Apple’s Artificial Intelligence Director discusses computers that can remember

“Artificial intelligence has made great progress in helping computers recognize images in photos and recommending products online that you’re more likely to buy,” Jonathan Vanian reports for Fortune. “But the technology still faces many challenges, especially when it comes to computers remembering things like humans do.”

“On Tuesday, Apple’s director of AI research, Ruslan Salakhutdinov, discussed some of those limitations. However, he steered clear during his talk at an MIT Technology Review conference of how his secretive company incorporates AI into its products like Siri,” Vanian reports. “Salakhutdinov, who joined Apple in October, said he is particularly interested in a type of AI known as reinforcement learning, which researchers use to teach computers to repeatedly take different actions to figure out the best possible result.”

“Another area Salakhutdinov wants to explore is teaching AI software to learn more quickly from ‘few examples and few experiences,'” Vanian reports. “Although he did not mention it, his idea would benefit Apple in its race to create better products in less time.”

Read more in the full article here.

MacDailyNews Take: Apple, due to secrecy, is farther along in AI than most observers realize.

We’ve been seeing over the last five years a growth of this inside Apple. Our devices are getting so much smarter at a quicker rate, especially with our Apple design A series chips. The back ends are getting so much smarter, faster, and everything we do finds some reason to be connected. This enables more and more machine learning techniques, because there is so much stuff to learn, and it’s available to [us]… We use these techniques to do the things we have always wanted to do, better than we’ve been able to do. And on new things we haven’t be able to do. It’s a technique that will ultimately be a very Apple way of doing things as it evolves inside Apple and in the ways we make products… Machine learning is enabling us to say yes to some things that in past years we would have said no to. It’s becoming embedded in the process of deciding the products we’re going to do next.Phil Schiller, August 2016

New hire could be critical step toward attracting high-profile AI research talent to Apple – October 18, 2016
Apple hires a big brain in AI to smarten up Siri – October 17, 2016
Apple transforms Turi into dedicated machine learning division to build future product features – August 31, 2016
An exclusive inside look at how artificial intelligence and machine learning work at Apple – August 24, 2016
Apple rumored to be taking big piece of Seattle-area office market in expansion – August 12, 2016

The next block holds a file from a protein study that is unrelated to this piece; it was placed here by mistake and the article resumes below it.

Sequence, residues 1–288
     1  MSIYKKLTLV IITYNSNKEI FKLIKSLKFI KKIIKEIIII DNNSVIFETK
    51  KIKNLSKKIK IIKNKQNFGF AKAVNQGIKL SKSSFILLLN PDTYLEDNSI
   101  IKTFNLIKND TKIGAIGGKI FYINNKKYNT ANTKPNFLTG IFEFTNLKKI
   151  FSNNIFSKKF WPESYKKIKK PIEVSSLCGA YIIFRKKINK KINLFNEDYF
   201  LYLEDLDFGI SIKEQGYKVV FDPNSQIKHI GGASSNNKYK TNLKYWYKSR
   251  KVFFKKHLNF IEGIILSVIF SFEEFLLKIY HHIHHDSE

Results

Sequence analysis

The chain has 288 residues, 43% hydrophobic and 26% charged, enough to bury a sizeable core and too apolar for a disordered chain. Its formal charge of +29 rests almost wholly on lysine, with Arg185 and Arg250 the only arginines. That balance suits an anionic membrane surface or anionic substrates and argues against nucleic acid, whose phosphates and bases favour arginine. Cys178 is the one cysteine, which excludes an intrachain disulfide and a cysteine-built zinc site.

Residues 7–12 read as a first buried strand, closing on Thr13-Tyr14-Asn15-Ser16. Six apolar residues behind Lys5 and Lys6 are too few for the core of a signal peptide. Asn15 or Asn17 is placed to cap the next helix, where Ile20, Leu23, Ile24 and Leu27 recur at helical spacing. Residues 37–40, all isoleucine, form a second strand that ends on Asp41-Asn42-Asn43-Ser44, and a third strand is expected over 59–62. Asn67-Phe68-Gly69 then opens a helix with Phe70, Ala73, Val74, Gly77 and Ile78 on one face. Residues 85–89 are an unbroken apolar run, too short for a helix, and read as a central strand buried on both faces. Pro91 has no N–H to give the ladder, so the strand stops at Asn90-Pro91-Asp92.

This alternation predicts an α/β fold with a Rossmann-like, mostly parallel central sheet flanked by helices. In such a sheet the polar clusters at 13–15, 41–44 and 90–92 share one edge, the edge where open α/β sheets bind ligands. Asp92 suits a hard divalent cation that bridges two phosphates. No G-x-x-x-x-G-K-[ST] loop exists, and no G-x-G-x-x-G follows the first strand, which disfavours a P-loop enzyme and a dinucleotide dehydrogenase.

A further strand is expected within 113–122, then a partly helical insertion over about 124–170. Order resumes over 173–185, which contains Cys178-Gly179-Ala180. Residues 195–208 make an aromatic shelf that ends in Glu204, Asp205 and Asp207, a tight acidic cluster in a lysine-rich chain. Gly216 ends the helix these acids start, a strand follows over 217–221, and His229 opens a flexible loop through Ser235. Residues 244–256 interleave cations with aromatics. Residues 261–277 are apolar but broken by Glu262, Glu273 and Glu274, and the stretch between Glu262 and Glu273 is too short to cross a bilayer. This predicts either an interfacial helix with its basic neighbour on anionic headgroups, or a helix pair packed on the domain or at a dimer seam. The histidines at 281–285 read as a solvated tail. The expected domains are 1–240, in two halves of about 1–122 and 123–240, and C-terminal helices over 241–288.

Why Apple will become a leader in artificial intelligence – August 8, 2016
Apple buys machine-learning startup Turi for $200 million – August 6, 2016
Apple touts Artificial Intelligence in iOS and opens ‘crown jewels’ to developers – June 14, 2016
Smartphones to die out within five years, replaced by artificial intelligence – survey – December 9, 2015
Apple’s extreme secrecy retarding its artificial intelligence work – October 30, 2015
Apple hires NVIDIA’s artificial intelligence director – October 24, 2015
Apple acquires advanced artificial intelligence startup Perceptio – October 5, 2015
Apple buys artificial intelligence natural language start-up VocalIQ – October 2, 2015


  1. Groan. So tired of the narrative around AI, it isn’t an organism in a petri dish. What is it that people wish Siri could do? Because I gotta say: it’s likely that no ‘AI’ agent can do it. It just *seems* like they are. So over it.

  2. On the topic of AI, there is a divide between the dreamers, the whiners, and the realists.

    I dream of having access to an AI that works at the level of the main computer on Star Trek The Next Generation. An AI with that kind of conversational and cognitive capabilities would be amazing.

    However, I do realize that this may not happen in my lifetime — which means that I’m not going to complain like a toddler about the capabilities of current consumer-available AIs. I will happily use them to the best of their limitations. I still dig the fact that I can, completely hands-free, send & have read to me text messages using my Apple Watch via Bluetooth to my car’s audio system. Then I ask Siri to play Fields of Gold by Eva Cassidy — which she does — and then play some jazz, which also works perfectly. Then ask Siri to remind me when I get home to pay some bills online, which she does as well. When I say, “Hey Siri, I’m home”, my Philips Hue lights switch on and my Schlage front door lock unlocks.

    As for those complaining that they don’t have a Star Trek The Next Generation AI in their 2017 smartphone: my suggestion is that you take your chances by having yourself cryogenically preserved, with the exceedingly slim prospect of being revived in the future — where you may have what you’d like today.

  3. I can say my iPhone (or Apple Maps or whatever) has learned where I’m likely to go after I leave work. Even lunch is getting pretty good at predicting what food place I may go to on certain days.

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